12.14.15 \ProvidesClass & \ProvidesPackage


\ProvidesClass{clsname}[release-date [info-text]]
\ProvidesPackage{pkgname}[release-date [info-text]]

Identifies the class or package being defined, printing a message to the screen and the log file.

When you load a class or package, for example with \documentclass{smcmemo} or \usepackage{test}, LaTeX inputs a file (smcmemo.cls and test.sty, respectively). If the name of the file does not match the class or package name declared in it then you get a warning. Thus, if you invoke \documentclass{smcmemo}, and the file smcmemo.cls has the statement \ProvidesClass{foo} then you get a warning like You have requested document class `smcmemo', but the document class provides 'foo'. This warning does not prevent LaTeX from processing the rest of the class file normally.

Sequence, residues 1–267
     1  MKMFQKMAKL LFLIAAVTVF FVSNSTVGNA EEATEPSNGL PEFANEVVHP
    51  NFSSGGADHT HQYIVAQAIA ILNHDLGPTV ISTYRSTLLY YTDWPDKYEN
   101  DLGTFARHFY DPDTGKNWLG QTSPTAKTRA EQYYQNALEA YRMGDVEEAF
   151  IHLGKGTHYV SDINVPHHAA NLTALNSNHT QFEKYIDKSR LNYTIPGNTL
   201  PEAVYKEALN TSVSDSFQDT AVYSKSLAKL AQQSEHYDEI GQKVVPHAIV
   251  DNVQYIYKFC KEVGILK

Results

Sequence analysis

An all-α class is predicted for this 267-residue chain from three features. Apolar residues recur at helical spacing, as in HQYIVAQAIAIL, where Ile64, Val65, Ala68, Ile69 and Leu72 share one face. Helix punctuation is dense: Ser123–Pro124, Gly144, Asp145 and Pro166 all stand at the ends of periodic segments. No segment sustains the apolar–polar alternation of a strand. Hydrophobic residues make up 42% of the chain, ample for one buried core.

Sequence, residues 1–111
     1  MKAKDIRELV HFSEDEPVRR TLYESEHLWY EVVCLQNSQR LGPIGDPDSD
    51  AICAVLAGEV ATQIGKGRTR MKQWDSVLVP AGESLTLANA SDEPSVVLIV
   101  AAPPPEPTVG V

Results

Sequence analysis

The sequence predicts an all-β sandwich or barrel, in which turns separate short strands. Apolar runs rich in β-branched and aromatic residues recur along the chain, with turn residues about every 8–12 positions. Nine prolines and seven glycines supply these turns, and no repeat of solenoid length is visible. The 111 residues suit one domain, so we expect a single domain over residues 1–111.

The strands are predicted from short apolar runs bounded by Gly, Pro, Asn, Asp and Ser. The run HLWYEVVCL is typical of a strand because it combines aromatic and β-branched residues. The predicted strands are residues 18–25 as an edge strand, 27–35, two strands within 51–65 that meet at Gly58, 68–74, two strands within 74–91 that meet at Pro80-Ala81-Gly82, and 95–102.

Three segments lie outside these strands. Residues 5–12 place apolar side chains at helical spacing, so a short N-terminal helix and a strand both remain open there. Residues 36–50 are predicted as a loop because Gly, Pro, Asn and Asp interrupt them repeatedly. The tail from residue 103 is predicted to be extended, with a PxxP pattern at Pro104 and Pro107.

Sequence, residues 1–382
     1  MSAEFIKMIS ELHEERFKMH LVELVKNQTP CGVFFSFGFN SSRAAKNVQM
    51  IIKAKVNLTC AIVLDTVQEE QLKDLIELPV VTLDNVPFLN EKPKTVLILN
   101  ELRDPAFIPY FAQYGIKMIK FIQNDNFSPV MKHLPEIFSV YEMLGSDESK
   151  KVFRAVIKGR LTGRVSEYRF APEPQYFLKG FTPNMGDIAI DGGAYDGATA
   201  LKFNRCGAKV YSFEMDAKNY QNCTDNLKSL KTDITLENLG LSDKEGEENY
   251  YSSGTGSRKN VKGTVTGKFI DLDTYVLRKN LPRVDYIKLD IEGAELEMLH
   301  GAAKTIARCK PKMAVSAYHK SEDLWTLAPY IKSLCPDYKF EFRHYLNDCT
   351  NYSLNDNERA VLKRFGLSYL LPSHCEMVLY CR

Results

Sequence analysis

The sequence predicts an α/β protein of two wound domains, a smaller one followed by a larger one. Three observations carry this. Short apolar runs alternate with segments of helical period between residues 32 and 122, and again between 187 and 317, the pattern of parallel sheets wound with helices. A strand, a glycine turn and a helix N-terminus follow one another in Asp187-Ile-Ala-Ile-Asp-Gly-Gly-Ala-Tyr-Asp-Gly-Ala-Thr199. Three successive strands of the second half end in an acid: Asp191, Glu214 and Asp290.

If you include the optional argument then you must include a date, before any spaces, of the form YYYY/MM/DD. The rest of the optional argument is free-form, although it traditionally identifies the class. It is written to the screen during compilation and to the log file. Thus, if your file smcmemo.cls contains the line \ProvidesClass{smcmemo}[2008/06/01 v1.0 SMC memo class] and your document’s first line is \documentclass{smcmemo} then you will see Document Class: smcmemo 2008/06/01 v1.0 SMC memo class.

The date in the optional argument allows class and package users to ask to be warned if the version of the class or package is earlier than release date. For instance, a user could enter \documentclass{smcmemo}[2018/10/12] or \usepackage{foo}[[2017/07/07]] to require a class or package with certain features by specifying that it must be released no earlier than the given date. Perhaps more importantly, the date serves as documentation of the last release. (In practice, package users rarely include a date, and class users almost never do.)

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